WINSTON-SALEM, NC (WGHP) – Activists and groups from the Winston-Salem community have joined forces to stress that the gun violence that has ravaged the city can only be resolved if everyone steps in to help. On Tuesday, heads of Hope Dealers Outreach, Mom’s Demand Action and families of gun violence victims held a press conference […]

The post Winston Salem activists say the gun violence won't stop until everyone gets involved first appeared on North Carolina Chronicle.

[atom_content] =>
Winston Salem activists say the gun violence won't stop until everyone gets involved

WINSTON-SALEM, NC (WGHP) – Activists and groups from the Winston-Salem community have joined forces to stress that the gun violence that has ravaged the city can only be resolved if everyone steps in to help.

On Tuesday, heads of Hope Dealers Outreach, Mom’s Demand Action and families of gun violence victims held a press conference in Winston-Salem.

Winston-Salem has seen 16 gun violence-related homicides as of June 22, compared to 10 in 2020, a year in which 23 people were killed by gun violence.

Frankie Gist, a longtime equality and peace activist with Hope Dealers Outreach, has led protests, community events, and spoken to law enforcement about ways to make positive change over the past several years.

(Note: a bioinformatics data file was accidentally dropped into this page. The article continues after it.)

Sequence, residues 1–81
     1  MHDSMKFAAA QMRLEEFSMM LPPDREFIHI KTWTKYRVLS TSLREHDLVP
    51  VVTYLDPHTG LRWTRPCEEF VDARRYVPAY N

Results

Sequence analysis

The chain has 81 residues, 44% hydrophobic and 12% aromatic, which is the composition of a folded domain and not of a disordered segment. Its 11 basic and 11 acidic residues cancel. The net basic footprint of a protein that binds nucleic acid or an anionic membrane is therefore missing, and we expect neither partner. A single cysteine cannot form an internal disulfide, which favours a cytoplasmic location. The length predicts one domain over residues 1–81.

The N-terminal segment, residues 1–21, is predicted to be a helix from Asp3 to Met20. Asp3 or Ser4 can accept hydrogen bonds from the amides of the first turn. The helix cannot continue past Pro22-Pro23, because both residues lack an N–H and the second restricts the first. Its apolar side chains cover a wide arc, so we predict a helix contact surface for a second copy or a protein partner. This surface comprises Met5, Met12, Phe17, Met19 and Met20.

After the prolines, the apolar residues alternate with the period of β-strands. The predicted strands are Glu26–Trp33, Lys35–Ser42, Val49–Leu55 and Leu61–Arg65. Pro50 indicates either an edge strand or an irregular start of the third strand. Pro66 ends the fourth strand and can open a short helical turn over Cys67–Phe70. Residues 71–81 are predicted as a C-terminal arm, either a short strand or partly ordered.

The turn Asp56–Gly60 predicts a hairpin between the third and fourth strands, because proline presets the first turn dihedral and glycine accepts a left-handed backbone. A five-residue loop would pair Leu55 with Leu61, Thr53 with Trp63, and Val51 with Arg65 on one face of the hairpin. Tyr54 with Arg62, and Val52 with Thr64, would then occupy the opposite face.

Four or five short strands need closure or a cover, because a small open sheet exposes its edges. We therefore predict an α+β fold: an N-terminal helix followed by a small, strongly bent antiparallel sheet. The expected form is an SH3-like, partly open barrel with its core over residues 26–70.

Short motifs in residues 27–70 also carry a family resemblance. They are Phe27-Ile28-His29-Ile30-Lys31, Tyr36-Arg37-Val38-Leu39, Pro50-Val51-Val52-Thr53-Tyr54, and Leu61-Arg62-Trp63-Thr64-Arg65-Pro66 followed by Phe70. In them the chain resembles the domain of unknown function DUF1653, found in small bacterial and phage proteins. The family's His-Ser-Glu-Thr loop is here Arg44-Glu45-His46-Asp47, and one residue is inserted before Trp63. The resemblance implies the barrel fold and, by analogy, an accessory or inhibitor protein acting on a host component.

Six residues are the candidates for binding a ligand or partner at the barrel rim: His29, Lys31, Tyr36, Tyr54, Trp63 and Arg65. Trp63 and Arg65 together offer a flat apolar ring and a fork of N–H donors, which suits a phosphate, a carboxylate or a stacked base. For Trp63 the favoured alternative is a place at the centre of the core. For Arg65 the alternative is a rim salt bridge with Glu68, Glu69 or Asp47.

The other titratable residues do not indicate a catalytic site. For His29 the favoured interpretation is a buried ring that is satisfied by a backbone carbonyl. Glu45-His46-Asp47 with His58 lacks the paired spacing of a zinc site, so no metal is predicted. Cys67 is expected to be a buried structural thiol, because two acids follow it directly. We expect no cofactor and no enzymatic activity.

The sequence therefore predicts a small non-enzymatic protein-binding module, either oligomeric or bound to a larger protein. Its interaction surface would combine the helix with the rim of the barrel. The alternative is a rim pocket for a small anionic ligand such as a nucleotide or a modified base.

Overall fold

On Tuesday, he said emotionally that he felt none of this worked. ?Every time I turn the food favors over, they don’t work. The protest doesn’t work. Every time I turn around, a different mother calls me and cries. “

Gist spends much of his time ?in the trenches,? as he calls it, caring for children and individuals who live in poverty and are stuck in neighborhoods that experience gun violence on a regular basis.

What is happening today Receive your daily news with the FOX8 newsletter.

When asked why he believed these shootings took place, he stated that it was envy of someone else’s materials or social status.

?Poverty and lack of funding. If I continue to live in a place where everything around me is stuck – my mother is struggling, she is doing her best to make ends meet. Now I have to take to the streets to make money; Now I make money, now there is another person in my neighborhood who is or is on another side of town. I don’t like how much money you have me. Now I have to go to your side of town and take a drive by. I don’t care if your son is out there, I don’t care if you have kids out there. I’m coming out of there to prove to you that I’m jealous. “

To curb this violence, activists and victims of violence have called on the city to create more stable jobs that enable people in poverty to have careers and affordable afternoon programs for children.

?We need free programs that do them justice. The problem is that few of us work. It will take all of us to build, ?said Gists.

Shut down

Suggest a correction